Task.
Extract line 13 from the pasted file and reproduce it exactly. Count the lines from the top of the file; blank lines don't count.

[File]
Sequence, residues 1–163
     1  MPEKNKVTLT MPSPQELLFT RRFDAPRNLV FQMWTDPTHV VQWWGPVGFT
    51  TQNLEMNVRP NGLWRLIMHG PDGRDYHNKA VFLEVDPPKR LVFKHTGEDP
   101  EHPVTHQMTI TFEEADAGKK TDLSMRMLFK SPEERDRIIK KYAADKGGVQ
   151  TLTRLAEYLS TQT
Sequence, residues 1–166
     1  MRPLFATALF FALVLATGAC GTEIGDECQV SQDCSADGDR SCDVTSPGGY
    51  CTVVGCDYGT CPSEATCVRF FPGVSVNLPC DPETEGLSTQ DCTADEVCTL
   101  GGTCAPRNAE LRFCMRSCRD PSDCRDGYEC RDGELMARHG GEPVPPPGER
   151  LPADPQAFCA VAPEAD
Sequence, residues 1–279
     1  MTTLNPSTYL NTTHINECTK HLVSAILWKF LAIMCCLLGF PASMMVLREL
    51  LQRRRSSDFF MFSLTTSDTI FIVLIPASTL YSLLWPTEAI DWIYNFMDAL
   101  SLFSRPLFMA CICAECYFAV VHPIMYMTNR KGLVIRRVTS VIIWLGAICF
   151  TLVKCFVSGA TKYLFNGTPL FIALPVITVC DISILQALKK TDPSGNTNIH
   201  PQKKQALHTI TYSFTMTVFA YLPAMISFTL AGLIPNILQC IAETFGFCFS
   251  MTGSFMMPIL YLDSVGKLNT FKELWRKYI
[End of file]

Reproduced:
    51  LQRRRSSDFF MFSLTTSDTI FIVLIPASTL YSLLWPTEAI DWIYNFMDAL